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Jewish East London

Wess letters

The late 19th century saw increasing numbers of Eastern European Jews settling in Britain, fleeing economic hardship and increasingly violent anti-semitic persecution (particularly after the assassination of the Russian Tsar Alexander II in 1881). These primary sources look at different responses to the new Jewish residents in the late 19th and early 20th century.

Catalogue = This symbol after a link means that it links to catalogue descriptions of the documents (including the reference numbers which will help you to order up the original documents at the MRC).

Digitised = This symbol after a link means that it links to digitised copies of the documents.

Overview:

The MRC holds the archives of William Wess and Aaron Rapoport Rollin, two men who left the Tsarist Russian Empire in the late 19th and early 20th century and settled in London. The collections include documents about their work as political activists and trade union organisers, together with some material about the Jewish communities in London at the turn of the century. The archives also reflect the multilingual environment in which Wess and Rollin lived - although some documents are in English, others are in Yiddish and Russian.

A small number of items relating to protests against proposals by the Home Secretary in 1916 to deport Russian refugees unless they joined the British army are also held at the MRC.

Selected sources:

'Small clouds in the sky', 3 October 1884 Digitised

Article in 'The Polish Yidel', a moderate socialist newspaper published in London in Yiddish between 1884-1886. The leading article in vol.1, no.11 comments on everyday anti-semitism experienced by East London Jews (as the original is in Yiddish a typed translation has been provided). A follow-up article was included in the next issue . The article and translation have been made available as pdfs, please contact us if you are unable to access this format.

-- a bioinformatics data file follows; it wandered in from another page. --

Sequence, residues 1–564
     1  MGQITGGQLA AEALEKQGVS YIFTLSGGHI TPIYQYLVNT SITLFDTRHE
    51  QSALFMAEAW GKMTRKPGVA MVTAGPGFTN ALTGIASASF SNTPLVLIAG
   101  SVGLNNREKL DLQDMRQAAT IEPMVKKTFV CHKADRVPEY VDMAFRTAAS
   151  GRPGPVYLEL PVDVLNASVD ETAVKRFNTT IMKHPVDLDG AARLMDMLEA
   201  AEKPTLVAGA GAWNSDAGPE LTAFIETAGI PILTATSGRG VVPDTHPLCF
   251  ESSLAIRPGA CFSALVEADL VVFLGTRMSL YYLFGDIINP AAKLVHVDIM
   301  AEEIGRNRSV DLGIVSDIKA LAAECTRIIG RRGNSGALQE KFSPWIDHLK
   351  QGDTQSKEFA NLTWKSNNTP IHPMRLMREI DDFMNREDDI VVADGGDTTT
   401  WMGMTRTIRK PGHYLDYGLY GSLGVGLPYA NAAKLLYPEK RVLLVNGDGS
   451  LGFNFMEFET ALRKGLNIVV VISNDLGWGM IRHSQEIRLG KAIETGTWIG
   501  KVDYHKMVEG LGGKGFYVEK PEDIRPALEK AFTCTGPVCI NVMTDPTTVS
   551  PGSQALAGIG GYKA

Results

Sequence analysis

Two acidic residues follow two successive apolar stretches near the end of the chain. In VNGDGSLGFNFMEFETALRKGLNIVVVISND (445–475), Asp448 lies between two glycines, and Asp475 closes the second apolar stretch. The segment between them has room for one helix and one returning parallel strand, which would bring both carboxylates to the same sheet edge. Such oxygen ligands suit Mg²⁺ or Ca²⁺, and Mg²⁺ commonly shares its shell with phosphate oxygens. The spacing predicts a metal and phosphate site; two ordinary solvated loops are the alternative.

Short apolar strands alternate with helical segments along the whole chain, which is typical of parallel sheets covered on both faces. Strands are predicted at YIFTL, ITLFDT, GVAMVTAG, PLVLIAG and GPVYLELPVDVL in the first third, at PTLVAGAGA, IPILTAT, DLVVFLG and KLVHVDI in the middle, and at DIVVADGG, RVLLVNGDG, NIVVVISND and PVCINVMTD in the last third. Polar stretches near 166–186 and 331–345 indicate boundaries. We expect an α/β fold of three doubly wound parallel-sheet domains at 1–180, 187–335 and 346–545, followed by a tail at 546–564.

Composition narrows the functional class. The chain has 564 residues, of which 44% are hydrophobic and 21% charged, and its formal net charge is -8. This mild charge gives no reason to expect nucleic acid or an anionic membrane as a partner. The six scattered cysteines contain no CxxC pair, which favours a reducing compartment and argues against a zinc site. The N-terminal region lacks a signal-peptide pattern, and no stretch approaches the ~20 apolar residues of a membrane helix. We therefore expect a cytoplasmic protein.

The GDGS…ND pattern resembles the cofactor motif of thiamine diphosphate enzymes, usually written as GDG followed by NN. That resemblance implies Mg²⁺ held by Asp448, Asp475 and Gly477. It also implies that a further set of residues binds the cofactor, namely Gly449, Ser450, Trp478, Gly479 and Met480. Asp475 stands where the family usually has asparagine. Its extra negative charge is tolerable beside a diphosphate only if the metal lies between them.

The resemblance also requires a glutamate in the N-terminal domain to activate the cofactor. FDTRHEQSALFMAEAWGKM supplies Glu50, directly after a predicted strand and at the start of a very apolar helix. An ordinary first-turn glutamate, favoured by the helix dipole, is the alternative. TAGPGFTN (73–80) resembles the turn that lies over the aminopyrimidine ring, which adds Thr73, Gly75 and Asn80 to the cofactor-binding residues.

'Jewish East London', 4 April 1887 Digitised

Hostile article from the newspaper 'St James's Gazette', which outlines the "social, economic, moral, and political questions created by the existence of a vast colony of foreign Jews in Whitechapel and Spitalfields". More (undigitised) newspaper articles on Jewish communities in London are included in the archives of William Wess.

'The Jewish Community', 1889 Digitised

Extract from Charles Booth's 'Labour and Life of the People', vol.1, 'East London'. This chapter was written by Beatrice Potter (better known by her married name of Beatrice Webb), and attempts to provide an outline of Jewish settlement and institutions in East London for a British audience. The chapter focuses on the new Eastern European immigrants, rather than the more established Anglo-Jewish community.

Jews in Russia - protest meeting against persecution, 1890 Catalogue

Correspondence about arrangements for a mass meeting in London. Invited speakers included key figures in the British socialist movement and Russian political refugees (including Eleanor Marx, Peter Kropotkin, Sergey Stepniak and John Burns).

'Valentine's Anglo-Jewish Almanac and Diary', 1892-4 Catalogue

Pocket diary and almanac which contains information considered to be useful for an Anglo-Jewish resident of Britain in the late 19th century.

A voice from the aliens: About the Anti-Alien Resolution of the Cardiff Trade Union Congress, 1895 Digitised

Pamphlet, written by Joseph Finn, which was issued on behalf of eleven trade unions or trade union branches which represented Jewish workers. It provides a counter-argument to the "anti-alien" (i.e. anti-foreigner) resolution passed at the 1895 Trades Union Congress.

Newspaper report of an East London protest meeting against the Anti-Alien resolution of the Trades Union Congress, 1895 Digitised

The Whitechapel meeting was reported in the Daily Chronicle.

The proposed deportation and compulsion for Russian subjects, 1916 Digitised

Appeal on behalf of Russian Jews by the Conference of Jewish Trade Union Committees in London. It includes references to types of anti-Semitism experienced in Britain.